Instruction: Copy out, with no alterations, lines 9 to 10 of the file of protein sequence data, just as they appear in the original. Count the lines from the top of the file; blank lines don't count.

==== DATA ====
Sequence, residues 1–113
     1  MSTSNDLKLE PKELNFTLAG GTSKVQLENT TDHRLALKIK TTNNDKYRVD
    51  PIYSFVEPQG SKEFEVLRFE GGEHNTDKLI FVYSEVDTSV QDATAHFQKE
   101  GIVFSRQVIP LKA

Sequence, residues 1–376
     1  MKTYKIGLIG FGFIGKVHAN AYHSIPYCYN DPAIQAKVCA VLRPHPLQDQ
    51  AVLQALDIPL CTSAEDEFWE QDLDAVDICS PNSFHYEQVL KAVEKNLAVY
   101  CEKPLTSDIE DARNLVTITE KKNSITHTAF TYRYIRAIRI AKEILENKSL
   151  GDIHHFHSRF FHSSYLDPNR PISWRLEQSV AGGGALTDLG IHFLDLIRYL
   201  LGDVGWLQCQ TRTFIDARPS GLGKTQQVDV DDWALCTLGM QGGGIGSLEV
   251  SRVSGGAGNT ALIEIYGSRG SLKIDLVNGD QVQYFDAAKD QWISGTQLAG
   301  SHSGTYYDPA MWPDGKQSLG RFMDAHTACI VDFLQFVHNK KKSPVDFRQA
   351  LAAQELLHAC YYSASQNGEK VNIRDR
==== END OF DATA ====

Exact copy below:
   151  GDIHHFHSRF FHSSYLDPNR PISWRLEQSV AGGGALTDLG IHFLDLIRYL
   201  LGDVGWLQCQ TRTFIDARPS GLGKTQQVDV DDWALCTLGM QGGGIGSLEV